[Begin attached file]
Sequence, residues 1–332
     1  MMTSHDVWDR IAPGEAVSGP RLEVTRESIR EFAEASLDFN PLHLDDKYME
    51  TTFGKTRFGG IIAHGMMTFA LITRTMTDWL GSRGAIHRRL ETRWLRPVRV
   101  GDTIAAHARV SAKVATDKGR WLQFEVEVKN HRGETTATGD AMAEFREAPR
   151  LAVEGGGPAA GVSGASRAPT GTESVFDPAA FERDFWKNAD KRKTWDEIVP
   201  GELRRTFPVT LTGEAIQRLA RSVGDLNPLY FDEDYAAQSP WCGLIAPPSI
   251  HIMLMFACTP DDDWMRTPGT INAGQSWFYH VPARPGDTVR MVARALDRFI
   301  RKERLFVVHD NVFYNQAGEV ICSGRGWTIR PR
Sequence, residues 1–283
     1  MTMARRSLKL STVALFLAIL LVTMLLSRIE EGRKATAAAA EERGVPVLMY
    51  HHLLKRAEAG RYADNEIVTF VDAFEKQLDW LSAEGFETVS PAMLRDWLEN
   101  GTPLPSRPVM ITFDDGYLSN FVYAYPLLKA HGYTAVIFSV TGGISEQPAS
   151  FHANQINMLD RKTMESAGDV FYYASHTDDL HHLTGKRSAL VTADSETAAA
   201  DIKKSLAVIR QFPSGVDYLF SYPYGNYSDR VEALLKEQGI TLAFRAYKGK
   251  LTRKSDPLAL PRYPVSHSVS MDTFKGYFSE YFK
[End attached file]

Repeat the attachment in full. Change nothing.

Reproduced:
Sequence, residues 1–332
     1  MMTSHDVWDR IAPGEAVSGP RLEVTRESIR EFAEASLDFN PLHLDDKYME
    51  TTFGKTRFGG IIAHGMMTFA LITRTMTDWL GSRGAIHRRL ETRWLRPVRV
   101  GDTIAAHARV SAKVATDKGR WLQFEVEVKN HRGETTATGD AMAEFREAPR
   151  LAVEGGGPAA GVSGASRAPT GTESVFDPAA FERDFWKNAD KRKTWDEIVP
   201  GELRRTFPVT LTGEAIQRLA RSVGDLNPLY FDEDYAAQSP WCGLIAPPSI
   251  HIMLMFACTP DDDWMRTPGT INAGQSWFYH VPARPGDTVR MVARALDRFI
   301  RKERLFVVHD NVFYNQAGEV ICSGRGWTIR PR
Sequence, residues 1–283
     1  MTMARRSLKL STVALFLAIL LVTMLLSRIE EGRKATAAAA EERGVPVLMY
    51  HHLLKRAEAG RYADNEIVTF VDAFEKQLDW LSAEGFETVS PAMLRDWLEN
   101  GTPLPSRPVM ITFDDGYLSN FVYAYPLLKA HGYTAVIFSV TGGISEQPAS
   151  FHANQINMLD RKTMESAGDV FYYASHTDDL HHLTGKRSAL VTADSETAAA
   201  DIKKSLAVIR QFPSGVDYLF SYPYGNYSDR VEALLKEQGI TLAFRAYKGK
   251  LTRKSDPLAL PRYPVSHSVS MDTFKGYFSE YFK